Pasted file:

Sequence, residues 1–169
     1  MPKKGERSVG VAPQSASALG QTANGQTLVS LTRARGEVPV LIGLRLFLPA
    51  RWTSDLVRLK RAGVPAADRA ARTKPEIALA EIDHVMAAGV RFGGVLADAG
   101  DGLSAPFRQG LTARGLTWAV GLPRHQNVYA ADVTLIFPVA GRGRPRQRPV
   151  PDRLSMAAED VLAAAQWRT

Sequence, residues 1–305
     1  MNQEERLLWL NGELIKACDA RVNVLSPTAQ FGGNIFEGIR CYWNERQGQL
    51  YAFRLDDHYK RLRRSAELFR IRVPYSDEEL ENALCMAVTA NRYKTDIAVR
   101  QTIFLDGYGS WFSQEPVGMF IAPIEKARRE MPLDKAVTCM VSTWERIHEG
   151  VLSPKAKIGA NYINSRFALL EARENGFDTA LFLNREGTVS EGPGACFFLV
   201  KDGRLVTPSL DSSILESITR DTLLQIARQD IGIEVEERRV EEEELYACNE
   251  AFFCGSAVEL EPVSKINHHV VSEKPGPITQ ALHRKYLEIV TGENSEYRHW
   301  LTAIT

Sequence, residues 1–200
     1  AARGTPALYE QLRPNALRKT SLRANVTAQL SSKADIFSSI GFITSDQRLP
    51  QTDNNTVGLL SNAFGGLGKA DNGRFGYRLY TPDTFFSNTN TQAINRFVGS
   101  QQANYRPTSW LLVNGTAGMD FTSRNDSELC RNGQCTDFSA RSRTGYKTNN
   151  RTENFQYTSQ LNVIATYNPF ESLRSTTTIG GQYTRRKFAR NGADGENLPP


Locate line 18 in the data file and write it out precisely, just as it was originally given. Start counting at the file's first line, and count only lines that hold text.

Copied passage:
   151  RTENFQYTSQ LNVIATYNPF ESLRSTTTIG GQYTRRKFAR NGADGENLPP